• Suppression rule section let's you exclude Amazon Inspector findings that match your criteria. You can find how to create suppression rule here
  • Account management section shows you which AWS accounts are scaned and and which resources
  • In General Settings section you can adjust Amazon Inspectors permisions as well as deactivate it
  • Usage section will show you Total Monthly Projected Cost

Amazon Inspector EC2 scanning

You might noticed that i have 1 Lambda function on the account which is actively scanned but Ec2 instance on my account is not scanned yet

This is because in order for Amazon Inspector to detect software vulnerabilities for an Amazon EC2 instance, the instance must be a managed instance in Amazon EC2 Systems Manager (SSM). You can read more info regarding this here

Let's now enable scanning for this instance

  1. SSM is activated for most instances by default - let's check status of it in our instance by running: sudo systemctl status amazon-ssm-agent If not please visit this page


  1. When it's activated we can navigate to AWS Systems Manager page in AWS Console. Click on Quick Setup, then click on Create under Host Management option. You can find more info regarding how to configure instance permissions for Systems Manager here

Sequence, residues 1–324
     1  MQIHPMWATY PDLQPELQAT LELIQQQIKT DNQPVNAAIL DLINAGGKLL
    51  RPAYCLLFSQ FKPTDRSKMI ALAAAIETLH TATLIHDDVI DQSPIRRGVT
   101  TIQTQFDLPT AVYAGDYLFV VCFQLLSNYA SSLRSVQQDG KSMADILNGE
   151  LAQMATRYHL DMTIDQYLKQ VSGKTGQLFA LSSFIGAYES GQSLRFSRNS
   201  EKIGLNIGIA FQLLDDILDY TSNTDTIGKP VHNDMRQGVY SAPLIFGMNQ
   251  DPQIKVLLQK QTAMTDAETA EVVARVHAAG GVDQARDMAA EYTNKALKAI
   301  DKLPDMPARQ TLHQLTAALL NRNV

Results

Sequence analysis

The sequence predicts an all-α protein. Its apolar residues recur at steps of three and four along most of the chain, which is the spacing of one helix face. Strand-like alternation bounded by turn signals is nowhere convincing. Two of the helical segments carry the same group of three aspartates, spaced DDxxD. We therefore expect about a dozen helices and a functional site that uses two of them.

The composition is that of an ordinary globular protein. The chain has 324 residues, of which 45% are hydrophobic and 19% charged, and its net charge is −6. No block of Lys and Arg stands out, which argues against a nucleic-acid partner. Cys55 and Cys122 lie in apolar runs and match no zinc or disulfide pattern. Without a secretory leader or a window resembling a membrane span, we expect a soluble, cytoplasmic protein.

1. Check boxes needed as in screenshot and click on Create. Wait until configuration deployed


  1. After a while you can see in Amazon inspector dashboard that your EC2 instance is monitored


Exporting SBOM to S3 using Aws cli

In order to export SBOM to S3 bucket we would need:

  1. Supported resources that are being actively monitored by Amazon Inspector
  2. An Amazon S3 bucket configured with a policy that allows Amazon Inspector to add object to

While creating a bucket we would need to add following Policy:

	"Version": "2012-10-17",
	"Statement": [
			"Sid": "allow-inspector",
			"Effect": "Allow",
			"Principal": {
				"Service": ""
			"Action": [
			"Resource": "<YOUR_S3_ARN>/*",
			"Condition": {
				"StringEquals": {
					"aws:SourceAccount": "<YOUR_ACCOUNT_ID>"
				"ArnLike": {
					"aws:SourceArn": "arn:aws:inspector2:<YOUR_REGOIN>:<YOUR_ACCOUNT_ID>:report/*"
  1. A AWS KMS key configured with a policy that allows Amazon Inspector to use to encrypt your reports. Let's create a new AWS KMS key for our needs
  • In your AWS Console navigate to Key Management Service and click on Create a Key


  • Key should be customer managed and symmetric encryption so leave it as default. Please note, the key must be in the same AWS Region as the S3 bucket that you configured to store the report.


  • Here you need feel fields so it would be easier for you to understand what it is used for after creation